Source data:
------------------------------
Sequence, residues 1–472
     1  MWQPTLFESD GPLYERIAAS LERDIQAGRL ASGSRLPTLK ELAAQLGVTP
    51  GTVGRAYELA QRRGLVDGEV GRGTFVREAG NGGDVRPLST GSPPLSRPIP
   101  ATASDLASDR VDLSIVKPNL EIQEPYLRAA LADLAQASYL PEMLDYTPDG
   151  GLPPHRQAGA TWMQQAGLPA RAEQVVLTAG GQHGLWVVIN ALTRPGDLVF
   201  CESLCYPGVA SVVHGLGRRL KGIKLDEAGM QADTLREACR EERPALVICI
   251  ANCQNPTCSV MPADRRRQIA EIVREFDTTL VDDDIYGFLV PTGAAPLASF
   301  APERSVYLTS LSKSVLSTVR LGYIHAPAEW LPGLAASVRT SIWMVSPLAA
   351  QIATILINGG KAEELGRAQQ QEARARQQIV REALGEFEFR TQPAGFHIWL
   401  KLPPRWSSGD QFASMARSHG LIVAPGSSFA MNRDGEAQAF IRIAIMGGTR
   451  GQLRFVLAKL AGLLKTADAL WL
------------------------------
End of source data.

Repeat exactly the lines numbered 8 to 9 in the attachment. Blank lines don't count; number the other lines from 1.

   301  APERSVYLTS LSKSVLSTVR LGYIHAPAEW LPGLAASVRT SIWMVSPLAA
   351  QIATILINGG KAEELGRAQQ QEARARQQIV REALGEFEFR TQPAGFHIWL